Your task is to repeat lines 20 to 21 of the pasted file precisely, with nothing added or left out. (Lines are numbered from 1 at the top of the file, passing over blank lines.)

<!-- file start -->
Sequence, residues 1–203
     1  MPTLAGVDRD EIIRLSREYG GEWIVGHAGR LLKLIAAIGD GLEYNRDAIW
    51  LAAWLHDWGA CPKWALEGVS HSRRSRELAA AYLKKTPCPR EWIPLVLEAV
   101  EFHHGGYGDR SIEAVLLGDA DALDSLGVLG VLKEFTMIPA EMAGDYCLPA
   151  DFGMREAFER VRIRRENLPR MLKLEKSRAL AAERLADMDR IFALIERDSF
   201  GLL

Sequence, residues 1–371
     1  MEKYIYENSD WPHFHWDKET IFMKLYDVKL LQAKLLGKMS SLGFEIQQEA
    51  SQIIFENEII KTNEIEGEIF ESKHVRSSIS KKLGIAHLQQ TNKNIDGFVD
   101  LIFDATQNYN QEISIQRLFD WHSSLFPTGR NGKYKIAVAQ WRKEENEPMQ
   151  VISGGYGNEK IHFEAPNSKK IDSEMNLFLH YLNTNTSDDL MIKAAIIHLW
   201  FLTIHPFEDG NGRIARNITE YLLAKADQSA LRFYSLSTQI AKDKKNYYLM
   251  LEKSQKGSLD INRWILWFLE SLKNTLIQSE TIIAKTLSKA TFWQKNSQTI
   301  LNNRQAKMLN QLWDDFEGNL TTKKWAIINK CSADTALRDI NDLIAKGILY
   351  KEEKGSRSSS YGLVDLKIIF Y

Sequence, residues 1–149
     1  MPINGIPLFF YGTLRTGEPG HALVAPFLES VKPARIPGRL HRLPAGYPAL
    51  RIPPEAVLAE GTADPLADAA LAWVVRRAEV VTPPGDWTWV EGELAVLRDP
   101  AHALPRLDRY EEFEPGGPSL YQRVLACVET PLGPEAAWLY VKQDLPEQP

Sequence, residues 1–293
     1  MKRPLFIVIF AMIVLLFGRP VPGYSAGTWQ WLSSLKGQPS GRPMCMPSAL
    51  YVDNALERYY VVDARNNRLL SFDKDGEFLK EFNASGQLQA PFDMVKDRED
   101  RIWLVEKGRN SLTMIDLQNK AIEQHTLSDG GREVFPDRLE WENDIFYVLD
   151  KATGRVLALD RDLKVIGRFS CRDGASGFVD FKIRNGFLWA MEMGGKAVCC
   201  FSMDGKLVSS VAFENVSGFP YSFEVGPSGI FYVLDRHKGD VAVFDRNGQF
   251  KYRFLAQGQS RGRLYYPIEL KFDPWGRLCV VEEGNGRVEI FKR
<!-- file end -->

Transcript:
Sequence, residues 1–293
     1  MKRPLFIVIF AMIVLLFGRP VPGYSAGTWQ WLSSLKGQPS GRPMCMPSAL